Bankruptcy ExplainedConfirmation in Chapter 13 bankruptcy is the process of getting a reorgranization plan approved by the court.  When a bankruptcy case begins the debtor files  a Chapter 13 plan.  This plan states how he intends to treat his creditors in the bankruptcy case.

Treatment of individual creditors largely depends on the type of claim the creditor has and the debtor’s goals in the bankruptcy.  Secured creditors either get paid directly by the debtor, by a trustee, or not at all if the debtor wishes to surrender the collateral securing the debt.  Priority creditors get paid in full by the trustee during the duration of the plan.  Unsecured creditors get paid in whole, in part, or not at all, depending on the debtor’s disposable income or value of nonexempt property.

If a creditor or a trustee doesn’t like any provision of a Chapter 13 plan, then they file an objection to confirmation.  The debtor’s attorney then reviews the objection and decides whether or not the creditor has a valid reason for filing an objection.  Based upon this review the attorney may suggest to their client that they agree to the creditor’s demands, offer a compromise to the objection, or go to hearing and let a judge decide.  Once all of the objections to confirmation are resolved, assuming the debtor is current on their payments to the trustee and met all of the other requirements for confirmation, the plan is confirmed by court order.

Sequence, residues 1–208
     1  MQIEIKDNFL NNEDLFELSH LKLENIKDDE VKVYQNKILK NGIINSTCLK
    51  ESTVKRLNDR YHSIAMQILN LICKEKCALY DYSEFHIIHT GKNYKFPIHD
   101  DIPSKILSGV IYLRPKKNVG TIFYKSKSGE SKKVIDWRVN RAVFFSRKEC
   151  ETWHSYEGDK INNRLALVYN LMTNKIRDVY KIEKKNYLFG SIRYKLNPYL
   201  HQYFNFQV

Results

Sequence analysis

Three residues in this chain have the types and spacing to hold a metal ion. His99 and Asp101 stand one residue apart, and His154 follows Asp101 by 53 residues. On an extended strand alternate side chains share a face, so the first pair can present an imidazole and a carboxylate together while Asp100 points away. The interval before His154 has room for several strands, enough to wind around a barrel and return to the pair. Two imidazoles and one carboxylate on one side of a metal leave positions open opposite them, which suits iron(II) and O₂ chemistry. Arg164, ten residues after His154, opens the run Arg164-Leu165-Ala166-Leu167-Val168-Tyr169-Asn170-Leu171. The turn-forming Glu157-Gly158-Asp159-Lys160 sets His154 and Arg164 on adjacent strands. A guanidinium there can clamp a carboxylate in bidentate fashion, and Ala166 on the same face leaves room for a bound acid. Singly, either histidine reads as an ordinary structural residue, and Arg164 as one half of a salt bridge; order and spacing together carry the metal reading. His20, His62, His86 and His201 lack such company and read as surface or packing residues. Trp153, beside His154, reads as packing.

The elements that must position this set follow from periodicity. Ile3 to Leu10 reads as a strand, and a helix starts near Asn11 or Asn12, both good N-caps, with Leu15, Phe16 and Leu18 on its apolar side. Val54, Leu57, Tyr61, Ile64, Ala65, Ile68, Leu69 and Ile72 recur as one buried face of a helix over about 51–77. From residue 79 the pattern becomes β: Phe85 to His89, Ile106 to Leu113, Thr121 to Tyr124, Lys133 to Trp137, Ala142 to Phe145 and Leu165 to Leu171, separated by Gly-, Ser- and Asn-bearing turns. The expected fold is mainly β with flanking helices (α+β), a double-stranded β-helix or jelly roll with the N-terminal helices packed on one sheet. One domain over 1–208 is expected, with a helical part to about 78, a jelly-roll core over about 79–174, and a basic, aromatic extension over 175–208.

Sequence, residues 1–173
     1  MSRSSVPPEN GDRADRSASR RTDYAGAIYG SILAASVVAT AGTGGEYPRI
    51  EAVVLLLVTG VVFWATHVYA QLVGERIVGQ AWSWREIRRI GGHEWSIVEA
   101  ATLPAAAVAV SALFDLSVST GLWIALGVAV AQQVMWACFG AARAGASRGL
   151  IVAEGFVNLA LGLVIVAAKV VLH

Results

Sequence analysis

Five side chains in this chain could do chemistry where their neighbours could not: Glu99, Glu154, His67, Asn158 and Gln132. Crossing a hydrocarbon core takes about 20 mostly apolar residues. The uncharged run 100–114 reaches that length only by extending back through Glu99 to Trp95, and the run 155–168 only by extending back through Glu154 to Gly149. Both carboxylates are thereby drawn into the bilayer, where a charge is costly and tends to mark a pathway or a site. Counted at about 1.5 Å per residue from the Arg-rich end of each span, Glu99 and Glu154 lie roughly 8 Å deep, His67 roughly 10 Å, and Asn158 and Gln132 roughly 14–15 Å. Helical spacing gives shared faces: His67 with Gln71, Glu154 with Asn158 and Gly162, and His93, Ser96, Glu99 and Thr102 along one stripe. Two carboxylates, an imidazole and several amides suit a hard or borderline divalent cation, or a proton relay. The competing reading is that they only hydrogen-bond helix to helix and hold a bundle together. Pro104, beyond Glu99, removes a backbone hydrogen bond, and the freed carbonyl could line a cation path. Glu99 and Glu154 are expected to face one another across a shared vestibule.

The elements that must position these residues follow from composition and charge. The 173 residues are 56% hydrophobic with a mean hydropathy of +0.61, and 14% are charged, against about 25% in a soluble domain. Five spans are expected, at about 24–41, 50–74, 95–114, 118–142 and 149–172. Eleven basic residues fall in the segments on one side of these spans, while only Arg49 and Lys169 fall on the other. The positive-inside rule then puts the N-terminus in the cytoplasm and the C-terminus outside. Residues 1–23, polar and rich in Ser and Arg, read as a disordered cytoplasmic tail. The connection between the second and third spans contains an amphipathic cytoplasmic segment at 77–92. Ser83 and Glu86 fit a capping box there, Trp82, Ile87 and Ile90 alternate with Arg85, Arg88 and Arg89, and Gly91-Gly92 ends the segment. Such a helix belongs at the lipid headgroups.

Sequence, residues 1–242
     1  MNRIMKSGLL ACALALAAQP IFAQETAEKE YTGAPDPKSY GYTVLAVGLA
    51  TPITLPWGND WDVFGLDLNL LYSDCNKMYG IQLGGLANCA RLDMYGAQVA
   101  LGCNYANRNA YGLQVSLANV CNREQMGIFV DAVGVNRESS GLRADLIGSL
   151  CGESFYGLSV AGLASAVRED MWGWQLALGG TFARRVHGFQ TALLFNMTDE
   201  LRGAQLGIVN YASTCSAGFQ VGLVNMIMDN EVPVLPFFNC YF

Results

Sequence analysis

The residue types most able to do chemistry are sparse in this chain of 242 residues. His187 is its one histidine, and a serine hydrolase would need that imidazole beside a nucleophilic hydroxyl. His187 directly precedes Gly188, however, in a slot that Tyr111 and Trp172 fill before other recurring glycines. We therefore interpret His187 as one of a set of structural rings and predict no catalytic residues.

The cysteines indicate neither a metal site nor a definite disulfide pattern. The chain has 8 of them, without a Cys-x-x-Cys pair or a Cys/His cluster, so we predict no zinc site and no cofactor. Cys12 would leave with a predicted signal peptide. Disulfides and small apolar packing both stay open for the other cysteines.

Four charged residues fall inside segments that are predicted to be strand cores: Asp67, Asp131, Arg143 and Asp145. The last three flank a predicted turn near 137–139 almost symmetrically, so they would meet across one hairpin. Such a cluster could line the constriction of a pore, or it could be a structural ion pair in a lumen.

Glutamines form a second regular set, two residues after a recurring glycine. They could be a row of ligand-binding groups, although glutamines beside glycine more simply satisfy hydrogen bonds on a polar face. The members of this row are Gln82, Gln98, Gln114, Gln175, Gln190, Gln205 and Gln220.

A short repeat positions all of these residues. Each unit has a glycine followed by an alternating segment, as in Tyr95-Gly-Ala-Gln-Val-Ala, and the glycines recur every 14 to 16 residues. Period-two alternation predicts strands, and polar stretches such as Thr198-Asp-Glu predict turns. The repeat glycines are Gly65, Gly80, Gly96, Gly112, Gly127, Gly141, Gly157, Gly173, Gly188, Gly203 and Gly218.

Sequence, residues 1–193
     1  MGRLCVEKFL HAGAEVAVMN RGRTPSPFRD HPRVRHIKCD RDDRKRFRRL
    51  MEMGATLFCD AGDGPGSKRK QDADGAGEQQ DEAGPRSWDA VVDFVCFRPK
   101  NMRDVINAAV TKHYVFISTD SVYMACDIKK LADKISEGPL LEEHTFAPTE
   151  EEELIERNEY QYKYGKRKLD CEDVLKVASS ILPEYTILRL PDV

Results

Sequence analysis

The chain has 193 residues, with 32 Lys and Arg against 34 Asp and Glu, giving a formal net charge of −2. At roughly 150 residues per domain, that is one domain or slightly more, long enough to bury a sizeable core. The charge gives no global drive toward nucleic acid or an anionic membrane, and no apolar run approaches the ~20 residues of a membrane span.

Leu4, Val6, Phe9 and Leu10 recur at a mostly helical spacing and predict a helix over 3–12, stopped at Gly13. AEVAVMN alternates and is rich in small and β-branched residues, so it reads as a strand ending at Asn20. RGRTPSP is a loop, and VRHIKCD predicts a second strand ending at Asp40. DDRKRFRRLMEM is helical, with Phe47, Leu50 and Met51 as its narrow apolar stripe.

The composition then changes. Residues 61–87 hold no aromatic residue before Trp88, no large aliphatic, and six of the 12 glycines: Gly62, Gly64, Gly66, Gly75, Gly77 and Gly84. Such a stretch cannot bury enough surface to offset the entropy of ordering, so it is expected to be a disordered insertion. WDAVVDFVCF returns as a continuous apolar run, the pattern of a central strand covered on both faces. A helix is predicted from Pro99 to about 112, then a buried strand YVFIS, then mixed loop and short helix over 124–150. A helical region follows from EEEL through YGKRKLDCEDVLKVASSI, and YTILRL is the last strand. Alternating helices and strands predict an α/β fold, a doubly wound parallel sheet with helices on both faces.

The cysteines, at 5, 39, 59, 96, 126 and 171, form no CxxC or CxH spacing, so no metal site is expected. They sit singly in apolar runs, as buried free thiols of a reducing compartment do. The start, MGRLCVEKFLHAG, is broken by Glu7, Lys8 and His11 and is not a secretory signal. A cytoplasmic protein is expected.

Confirmation of a Chapter 13 plan basically changes the rights to of the creditors listed in the bankruptcy.  They are paid (or not paid) according to the terms of the plan.  After the plan is completed and the debtor receives a discharge, the creditors cannot come back and attempt to collect any additional funds.  The confirmation and discharge order prevent future collection of any portion of the debt that would have been remaining under the original contract.